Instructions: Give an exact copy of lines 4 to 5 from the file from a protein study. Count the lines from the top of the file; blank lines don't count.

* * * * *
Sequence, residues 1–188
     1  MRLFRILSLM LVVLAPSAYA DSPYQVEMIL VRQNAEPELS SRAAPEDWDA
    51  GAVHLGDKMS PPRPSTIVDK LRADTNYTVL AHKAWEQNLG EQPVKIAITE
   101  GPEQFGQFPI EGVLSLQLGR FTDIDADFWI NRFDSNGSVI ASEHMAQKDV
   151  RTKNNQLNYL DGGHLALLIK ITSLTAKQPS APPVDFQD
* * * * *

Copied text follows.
   101  GPEQFGQFPI EGVLSLQLGR FTDIDADFWI NRFDSNGSVI ASEHMAQKDV
   151  RTKNNQLNYL DGGHLALLIK ITSLTAKQPS APPVDFQD